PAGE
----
Editorial comments: It is difficult to understand Polish and Central European history surrounding WWII without insight into the Soviet Empire that controlled Poland for over 40 years. Below we present to our readers a review of two books of exceptional importance – memoirs of Pavel Sudoplatov and Ivan Sierov, leaders of the Soviet intelligence. The review was done by Adam Lityński, emeritus professor of legal history.
"Special Tasks: The Memoirs of an Uncomfortable Witness – A Soviet Spymaster”
“This is the most sensational, the most devastating, and in many ways, the most informative autobiography ever to emerge from the Stalinist milieu. It is perhaps the single most important contribution to our knowledge since Khrushchev’s Secret Speech,” wrote Robert Conquest, the British historian, and leading Stalinism expert, in the preface to Sudoplatov’s diaries. The book, titled “Special Tasks: The Memoirs of an Uncomfortable Witness – A Soviet Spymaster” was first published in English in the United States in 1994. A few years later, it was published in Polish. Sudoplatov was a man with remarkable competencies in Soviet special operations and espionage. After 1938, he was in constant direct contact with Lavrentiy Beria (1899-1953) and Joseph Stalin (1878-1953). Sudoplatov received orders from Stalin to murder Leon Trotsky. Additionally, he had first-hand access to confidential information on several topics, including Polish affairs. U.S. readers might find Sudoplatov’s chapter seven on atomic espionage interesting, however, it offers minimal evidence.
Starting with 1944, Pavel Sudoplatov (1907-1996) became head of the NKVD’s intelligence services (the interior ministry of the Soviet Union). He was the lone surviving institutional memory of the Soviet intelligence service, which he served until 1953 when he was arrested for being a close co-worker of Beria, who was soon to be executed. Sudoplatov spent 15 years in jail. At the end of his life, after the collapse of the Soviet Union, Sudoplatov decided to record his memoirs. With the support of his son, a Moscow State University professor, Sudoplatov provided lengthy interviews with American journalist-historians Jerrold L. Schecter, former editor of Time Magazine, and Leona Schecter. The noticeable editorial touches make these memories distinguishable from a diary. In the end, Sudoplatov did not have any regrets aside from spending 15 years in prison and being unable to serve the Communist movement and the Soviet Union during that time.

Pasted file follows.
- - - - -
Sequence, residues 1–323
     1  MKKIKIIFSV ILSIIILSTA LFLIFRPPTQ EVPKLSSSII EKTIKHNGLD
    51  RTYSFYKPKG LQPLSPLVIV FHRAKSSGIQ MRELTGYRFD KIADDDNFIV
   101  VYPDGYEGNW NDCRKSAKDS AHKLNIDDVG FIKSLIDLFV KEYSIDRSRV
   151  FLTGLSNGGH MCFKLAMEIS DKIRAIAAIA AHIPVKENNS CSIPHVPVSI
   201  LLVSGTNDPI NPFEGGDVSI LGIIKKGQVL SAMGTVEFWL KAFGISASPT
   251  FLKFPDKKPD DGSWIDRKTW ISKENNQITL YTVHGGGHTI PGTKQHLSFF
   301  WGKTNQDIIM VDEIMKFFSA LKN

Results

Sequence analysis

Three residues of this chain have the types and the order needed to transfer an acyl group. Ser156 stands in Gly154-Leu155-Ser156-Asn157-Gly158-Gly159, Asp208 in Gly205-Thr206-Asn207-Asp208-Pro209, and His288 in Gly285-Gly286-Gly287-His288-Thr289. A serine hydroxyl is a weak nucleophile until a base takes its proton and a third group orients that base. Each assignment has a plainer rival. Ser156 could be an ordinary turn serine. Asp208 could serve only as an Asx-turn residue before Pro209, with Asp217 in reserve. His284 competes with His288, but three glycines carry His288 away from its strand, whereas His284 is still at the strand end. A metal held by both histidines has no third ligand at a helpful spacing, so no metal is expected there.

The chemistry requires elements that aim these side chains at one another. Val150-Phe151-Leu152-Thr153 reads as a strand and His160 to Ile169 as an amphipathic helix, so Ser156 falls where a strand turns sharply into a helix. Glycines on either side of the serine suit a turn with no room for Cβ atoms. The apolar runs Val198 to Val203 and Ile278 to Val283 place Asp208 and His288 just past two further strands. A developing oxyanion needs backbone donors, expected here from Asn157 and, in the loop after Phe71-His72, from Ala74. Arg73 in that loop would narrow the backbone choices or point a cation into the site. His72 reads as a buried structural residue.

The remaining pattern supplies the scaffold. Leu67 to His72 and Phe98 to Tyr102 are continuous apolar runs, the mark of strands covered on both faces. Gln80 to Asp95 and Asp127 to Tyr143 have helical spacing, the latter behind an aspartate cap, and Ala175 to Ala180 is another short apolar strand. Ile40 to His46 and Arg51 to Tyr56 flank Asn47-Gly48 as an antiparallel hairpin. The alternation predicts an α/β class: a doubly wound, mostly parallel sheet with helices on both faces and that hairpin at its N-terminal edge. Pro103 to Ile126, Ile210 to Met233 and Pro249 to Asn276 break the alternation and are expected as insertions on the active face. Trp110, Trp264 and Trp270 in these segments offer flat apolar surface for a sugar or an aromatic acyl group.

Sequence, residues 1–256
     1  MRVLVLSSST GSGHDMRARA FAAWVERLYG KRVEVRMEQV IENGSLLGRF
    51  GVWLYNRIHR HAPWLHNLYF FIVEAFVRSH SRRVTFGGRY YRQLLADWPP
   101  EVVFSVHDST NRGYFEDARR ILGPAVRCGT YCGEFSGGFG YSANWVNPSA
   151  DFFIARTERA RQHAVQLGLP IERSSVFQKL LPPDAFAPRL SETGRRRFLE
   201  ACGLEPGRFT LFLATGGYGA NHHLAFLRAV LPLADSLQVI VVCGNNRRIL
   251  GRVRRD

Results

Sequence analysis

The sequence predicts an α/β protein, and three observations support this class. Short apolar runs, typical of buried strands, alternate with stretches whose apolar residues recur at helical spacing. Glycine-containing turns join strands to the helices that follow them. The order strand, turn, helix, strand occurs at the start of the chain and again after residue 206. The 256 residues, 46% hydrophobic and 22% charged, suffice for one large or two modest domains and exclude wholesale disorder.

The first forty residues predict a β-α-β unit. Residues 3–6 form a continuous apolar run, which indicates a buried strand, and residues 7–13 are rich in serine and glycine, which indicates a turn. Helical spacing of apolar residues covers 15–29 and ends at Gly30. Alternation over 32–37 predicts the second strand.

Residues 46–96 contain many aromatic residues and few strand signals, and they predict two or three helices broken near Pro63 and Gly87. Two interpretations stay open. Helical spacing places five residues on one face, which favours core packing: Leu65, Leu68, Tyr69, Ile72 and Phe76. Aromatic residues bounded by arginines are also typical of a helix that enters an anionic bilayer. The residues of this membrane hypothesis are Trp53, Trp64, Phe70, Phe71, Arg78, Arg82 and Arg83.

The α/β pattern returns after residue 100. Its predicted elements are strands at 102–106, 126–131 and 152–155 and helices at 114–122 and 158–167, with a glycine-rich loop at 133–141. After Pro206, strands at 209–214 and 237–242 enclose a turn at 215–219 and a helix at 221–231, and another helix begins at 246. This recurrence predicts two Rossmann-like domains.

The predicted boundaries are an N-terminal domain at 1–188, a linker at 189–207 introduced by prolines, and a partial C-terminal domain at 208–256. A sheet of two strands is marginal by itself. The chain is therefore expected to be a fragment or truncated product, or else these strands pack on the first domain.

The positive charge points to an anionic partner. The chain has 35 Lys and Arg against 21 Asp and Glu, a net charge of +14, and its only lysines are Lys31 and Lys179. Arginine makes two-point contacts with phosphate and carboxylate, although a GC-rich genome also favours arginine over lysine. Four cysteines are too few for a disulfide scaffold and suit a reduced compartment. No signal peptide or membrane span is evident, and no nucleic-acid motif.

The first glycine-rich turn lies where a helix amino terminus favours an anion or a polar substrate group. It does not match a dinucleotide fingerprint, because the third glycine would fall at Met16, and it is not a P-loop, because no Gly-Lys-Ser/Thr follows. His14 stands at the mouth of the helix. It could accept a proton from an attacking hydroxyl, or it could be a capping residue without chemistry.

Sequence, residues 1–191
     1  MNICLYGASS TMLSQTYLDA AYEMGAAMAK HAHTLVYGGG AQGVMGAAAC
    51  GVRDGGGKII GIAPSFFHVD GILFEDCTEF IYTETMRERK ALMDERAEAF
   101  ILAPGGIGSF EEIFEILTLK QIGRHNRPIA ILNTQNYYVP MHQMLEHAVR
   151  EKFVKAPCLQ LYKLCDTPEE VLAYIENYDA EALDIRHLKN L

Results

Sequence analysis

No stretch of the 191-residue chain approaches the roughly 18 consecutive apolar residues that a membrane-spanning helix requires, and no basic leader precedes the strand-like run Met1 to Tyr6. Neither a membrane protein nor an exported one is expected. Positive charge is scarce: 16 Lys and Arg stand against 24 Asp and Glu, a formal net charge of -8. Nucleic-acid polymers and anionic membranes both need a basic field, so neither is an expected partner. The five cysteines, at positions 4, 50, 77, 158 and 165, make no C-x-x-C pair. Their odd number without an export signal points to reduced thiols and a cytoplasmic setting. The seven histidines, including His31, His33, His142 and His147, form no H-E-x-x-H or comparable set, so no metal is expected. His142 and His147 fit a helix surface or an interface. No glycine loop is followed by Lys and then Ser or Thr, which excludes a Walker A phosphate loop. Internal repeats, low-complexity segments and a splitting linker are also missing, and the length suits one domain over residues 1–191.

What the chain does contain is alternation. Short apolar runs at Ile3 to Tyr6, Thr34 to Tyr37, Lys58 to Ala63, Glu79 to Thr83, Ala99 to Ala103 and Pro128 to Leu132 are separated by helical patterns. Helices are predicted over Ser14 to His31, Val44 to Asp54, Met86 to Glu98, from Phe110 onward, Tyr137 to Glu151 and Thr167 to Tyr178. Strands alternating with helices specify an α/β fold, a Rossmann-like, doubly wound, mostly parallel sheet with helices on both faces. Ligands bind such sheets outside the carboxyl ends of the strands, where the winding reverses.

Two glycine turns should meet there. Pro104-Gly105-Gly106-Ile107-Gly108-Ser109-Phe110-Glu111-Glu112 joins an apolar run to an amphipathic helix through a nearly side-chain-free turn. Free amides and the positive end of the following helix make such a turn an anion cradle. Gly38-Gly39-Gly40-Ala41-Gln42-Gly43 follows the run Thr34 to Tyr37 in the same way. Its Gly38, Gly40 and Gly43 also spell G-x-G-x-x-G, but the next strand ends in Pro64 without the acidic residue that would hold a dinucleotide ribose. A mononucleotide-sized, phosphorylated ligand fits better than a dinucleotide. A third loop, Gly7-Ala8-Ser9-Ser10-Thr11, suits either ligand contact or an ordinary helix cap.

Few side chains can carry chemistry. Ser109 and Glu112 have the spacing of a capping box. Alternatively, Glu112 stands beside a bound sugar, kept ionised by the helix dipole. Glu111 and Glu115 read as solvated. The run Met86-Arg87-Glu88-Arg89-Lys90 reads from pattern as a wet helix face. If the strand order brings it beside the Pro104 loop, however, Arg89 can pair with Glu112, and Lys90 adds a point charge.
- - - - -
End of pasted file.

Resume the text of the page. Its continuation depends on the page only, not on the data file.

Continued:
"The Secrets of the Suitcase of Ivan Serov"
Another valuable diary belonging to a highest-rank officer of the Soviet secret service was published in Russia in 2016 (Polish edition: 2019). No English translation is yet available. “The Secrets of the Suitcase of Ivan Serov” is based on the diary and notes of the former head of KGB, Ivan Serov (1905-1990). It turned out that Ivan Serov kept diaries and notes throughout his life. He did it in such strict secrecy and hid them so professionally that even the KGB, with its best efforts, could not find and destroy them. He placed the notes in two suitcases and walled them up in the garage of his dacha (countryside home that was typically state-owned and gifted to Russian citizens during the USSR). They were found by chance by Serov's granddaughter and published by her 28 years after his death. Serov’s records sparked a heated discussion among historians and the media. Regardless of his adopted narrative about the system in which he operated, Serov’s accounts of some of the darkest figures of the 20th century will forever be associated with mass murder for Poles and many other Eastern European nations.
This book will not leave anyone indifferent. It shows the background of Stalinist politics from World War II, the techniques of NKVD and KGB operations, details of secret intelligence operations, and the methods and course of communization of the post-war countries. The book certainly deserves to be called a sensation. It also includes many essential facts on the Polish history of the Stalinist period. In this way, Polish readers received the memoirs of the two highest-ranking officers of the Soviet primary security agencies. Both books contain several details that give us a much better understanding of Soviet politics towards Poland.